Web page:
It is so interesting how many people call me to speak to their companies on Time Management. They are shocked when I say “Time Management is a myth…you cannot manage time, you can only manage the choices you make during the day.” So, the first strategy is to drop the notion of “time management” and shift your thinking to “me management.” We all have 24 hours in a day, and the way we choose to use that time can mean the biggest difference in success or failure in both business and life.
1. For one week, keep a time log to find out where you are losing time.
This is an activity that I implement with the majority of the executives I work with. They are so busy, and they always complain about not having enough time to finish important work. By keeping a time log, you can uncover:
- Where you are wasting time
- How you are wasting time
- Interruptions (people and things)
- The time of day when you seem to be losing most of your time
2. Empty your inbox at the end of every day.
I am amazed at how many people literally have over 1,000 emails just sitting in their inbox. That is crazy-making! All email programs provide file folders, stars for unread email and other tools to let you know if you need to address this now, tomorrow or in the future. An inbox that is overflowing creates dread and crowded thinking. I have a rule: do it, delay it by folder date or ditch the email. I have a rule of “only touching things once” and “doing it now”. This is how I can deliver quick service to my clients and create open space in my thinking.
3. Get your worst things out of the way first thing. Each morning, write out your “to do” list for the day, and get the stuff you dread out of the way.
Once you make your list, and place each item into 4 categories:
- “I don’t want to do this.”
- “Looks important and urgent, but it can actually wait”
- “Must be done now!” (Believe it or not, this category is very, very small. We may think something is urgent and important and a “must do it now”, but it can really wait).
Many people tell you to tackle the most important things first. From experience, I have learned that the best thing you can do for yourself and your mind is to go ahead and get the worst of your tasks out of the way. If you have something you are dreading doing, it will spin in the back of your head like a program running in the background of your computer. Just go ahead and knock them out, or even better…delegate those things out to someone who can do the task and who loves doing it. From there, attack your important list. Working on the things that are most important will yield greater results that constantly putting out fires and reacting to those “urgent things” that can actually wait.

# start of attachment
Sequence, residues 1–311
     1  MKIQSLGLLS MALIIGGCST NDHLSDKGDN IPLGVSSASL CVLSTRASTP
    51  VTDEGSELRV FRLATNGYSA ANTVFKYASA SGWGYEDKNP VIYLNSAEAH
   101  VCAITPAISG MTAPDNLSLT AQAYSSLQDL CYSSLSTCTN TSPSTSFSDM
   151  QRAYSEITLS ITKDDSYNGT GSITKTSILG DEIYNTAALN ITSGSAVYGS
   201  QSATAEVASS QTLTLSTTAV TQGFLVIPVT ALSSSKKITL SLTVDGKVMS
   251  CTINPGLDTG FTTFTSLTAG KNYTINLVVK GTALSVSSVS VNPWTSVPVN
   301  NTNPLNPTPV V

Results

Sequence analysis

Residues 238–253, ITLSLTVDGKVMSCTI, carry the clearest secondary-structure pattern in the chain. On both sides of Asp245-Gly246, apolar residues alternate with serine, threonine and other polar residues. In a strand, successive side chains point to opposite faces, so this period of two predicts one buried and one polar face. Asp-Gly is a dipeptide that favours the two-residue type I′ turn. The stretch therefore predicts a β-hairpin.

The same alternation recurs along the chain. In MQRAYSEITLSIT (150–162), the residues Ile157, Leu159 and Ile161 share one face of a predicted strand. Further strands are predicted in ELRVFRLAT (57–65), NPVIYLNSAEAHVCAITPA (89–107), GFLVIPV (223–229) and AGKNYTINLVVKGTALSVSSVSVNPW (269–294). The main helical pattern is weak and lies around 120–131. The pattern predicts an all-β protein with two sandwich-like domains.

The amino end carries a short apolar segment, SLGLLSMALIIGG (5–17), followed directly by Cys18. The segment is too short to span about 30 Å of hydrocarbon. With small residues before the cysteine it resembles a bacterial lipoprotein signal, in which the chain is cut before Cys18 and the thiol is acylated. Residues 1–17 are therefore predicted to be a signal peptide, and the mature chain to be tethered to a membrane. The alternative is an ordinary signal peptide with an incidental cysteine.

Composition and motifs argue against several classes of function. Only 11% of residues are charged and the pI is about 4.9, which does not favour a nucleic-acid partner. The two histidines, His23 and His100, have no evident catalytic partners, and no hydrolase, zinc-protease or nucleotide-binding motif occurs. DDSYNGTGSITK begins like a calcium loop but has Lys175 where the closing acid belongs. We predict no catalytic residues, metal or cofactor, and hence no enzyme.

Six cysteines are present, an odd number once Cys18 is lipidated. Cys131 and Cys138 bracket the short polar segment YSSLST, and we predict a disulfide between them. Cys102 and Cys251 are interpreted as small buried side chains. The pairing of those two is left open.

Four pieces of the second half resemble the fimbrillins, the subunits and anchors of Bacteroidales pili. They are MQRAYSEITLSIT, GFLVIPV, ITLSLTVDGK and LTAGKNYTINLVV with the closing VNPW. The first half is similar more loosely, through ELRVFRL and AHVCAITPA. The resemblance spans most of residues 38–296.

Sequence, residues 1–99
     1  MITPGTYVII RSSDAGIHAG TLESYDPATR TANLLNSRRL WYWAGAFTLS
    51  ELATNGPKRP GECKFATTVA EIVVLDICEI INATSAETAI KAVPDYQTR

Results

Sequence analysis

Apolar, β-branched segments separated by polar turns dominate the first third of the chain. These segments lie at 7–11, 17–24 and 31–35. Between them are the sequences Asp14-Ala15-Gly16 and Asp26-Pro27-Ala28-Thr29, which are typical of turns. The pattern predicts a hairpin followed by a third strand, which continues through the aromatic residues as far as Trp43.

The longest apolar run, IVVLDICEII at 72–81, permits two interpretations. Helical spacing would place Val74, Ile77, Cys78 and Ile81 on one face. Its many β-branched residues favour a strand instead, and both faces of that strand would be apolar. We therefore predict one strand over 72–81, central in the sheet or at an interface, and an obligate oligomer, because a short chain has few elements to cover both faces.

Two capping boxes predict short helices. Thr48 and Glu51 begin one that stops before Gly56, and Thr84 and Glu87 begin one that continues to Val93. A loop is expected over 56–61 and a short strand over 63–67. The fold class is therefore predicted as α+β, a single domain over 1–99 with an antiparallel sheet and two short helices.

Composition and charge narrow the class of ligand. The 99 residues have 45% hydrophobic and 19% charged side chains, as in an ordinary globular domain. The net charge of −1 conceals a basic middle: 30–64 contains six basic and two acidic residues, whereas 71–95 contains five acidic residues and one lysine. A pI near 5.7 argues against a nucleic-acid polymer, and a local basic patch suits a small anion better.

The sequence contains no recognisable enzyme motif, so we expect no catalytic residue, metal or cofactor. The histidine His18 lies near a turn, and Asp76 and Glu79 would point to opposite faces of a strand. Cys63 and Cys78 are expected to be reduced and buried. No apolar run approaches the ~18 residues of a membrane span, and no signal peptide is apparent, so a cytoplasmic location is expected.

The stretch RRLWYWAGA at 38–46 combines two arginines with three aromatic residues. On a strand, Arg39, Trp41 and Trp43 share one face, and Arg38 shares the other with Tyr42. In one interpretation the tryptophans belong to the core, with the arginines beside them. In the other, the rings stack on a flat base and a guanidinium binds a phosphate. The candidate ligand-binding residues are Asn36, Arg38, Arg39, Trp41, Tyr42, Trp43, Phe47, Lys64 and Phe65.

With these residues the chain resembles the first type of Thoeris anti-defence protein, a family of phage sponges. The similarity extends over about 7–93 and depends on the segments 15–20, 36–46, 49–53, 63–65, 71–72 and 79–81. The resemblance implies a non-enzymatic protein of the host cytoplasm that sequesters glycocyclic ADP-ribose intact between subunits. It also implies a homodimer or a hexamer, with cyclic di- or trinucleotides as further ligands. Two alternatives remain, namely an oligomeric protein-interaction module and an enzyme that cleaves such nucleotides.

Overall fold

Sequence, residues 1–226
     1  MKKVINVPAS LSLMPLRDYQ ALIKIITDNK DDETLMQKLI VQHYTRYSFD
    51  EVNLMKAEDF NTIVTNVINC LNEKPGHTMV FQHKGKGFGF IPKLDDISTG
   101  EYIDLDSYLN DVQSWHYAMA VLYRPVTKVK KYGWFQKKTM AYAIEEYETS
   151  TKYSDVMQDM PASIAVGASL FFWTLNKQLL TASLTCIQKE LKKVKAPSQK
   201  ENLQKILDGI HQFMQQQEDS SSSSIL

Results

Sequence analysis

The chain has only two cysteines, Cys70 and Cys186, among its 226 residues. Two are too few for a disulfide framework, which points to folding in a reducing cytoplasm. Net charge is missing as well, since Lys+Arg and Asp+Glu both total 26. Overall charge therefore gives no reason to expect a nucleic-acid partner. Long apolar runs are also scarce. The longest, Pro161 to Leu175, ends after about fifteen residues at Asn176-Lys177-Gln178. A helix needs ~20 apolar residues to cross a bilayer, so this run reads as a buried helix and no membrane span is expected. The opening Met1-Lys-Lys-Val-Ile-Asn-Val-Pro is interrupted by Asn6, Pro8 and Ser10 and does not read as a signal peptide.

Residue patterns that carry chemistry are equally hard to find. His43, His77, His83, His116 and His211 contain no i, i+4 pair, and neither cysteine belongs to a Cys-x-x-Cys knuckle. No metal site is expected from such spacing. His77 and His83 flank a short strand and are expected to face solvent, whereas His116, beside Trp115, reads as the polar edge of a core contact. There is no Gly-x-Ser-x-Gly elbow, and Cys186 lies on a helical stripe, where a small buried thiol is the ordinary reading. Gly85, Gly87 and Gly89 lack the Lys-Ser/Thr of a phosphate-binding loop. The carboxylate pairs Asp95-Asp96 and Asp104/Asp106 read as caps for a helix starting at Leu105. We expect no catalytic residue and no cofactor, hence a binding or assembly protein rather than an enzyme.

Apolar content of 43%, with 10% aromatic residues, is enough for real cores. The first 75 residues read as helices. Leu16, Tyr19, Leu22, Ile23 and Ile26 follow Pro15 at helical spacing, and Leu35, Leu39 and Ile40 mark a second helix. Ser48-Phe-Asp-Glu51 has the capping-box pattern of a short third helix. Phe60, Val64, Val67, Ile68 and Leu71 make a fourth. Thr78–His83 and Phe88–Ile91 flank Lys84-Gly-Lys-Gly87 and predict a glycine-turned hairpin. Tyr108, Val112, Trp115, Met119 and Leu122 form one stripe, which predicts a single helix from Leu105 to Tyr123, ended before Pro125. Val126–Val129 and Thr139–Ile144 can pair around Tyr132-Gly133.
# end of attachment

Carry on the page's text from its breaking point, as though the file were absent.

4. Use RoboForm to keep your passwords organized.
RoboForm is a small piece of software that is a fabulous web tool that can actually remember and fill your user name and password into your websites and online accounts for you. You can also use the RoboForm Identities feature to securely store your name, address, email, , and all other personal information. Just click on your RoboForm Identity to fill entire web forms automatically. This will save hours of needless typing! Just think of how much time you spend filling out forms online and trying to find or reset a password every day…if you add up all the minutes each day you spend, it is probably hours over the period of a week.
5. Stop being a slave to your email! Get on a schedule.
Many people tell me that they sometimes just sit for 3 hours and keep refreshing their email so that they can “be on top” of their email. This is a huge time waster. My approach is this: I check email one time in the morning, one time around 12:00 Noon and one time at 5:00 p.m. During the 5:00 p.m. check, I clean out my inbox, and it saves me a great deal of time. I was once a slave to email, and I simply cannot be that slave if I want to work on the most important aspects of my business.
6. Manage your distractions.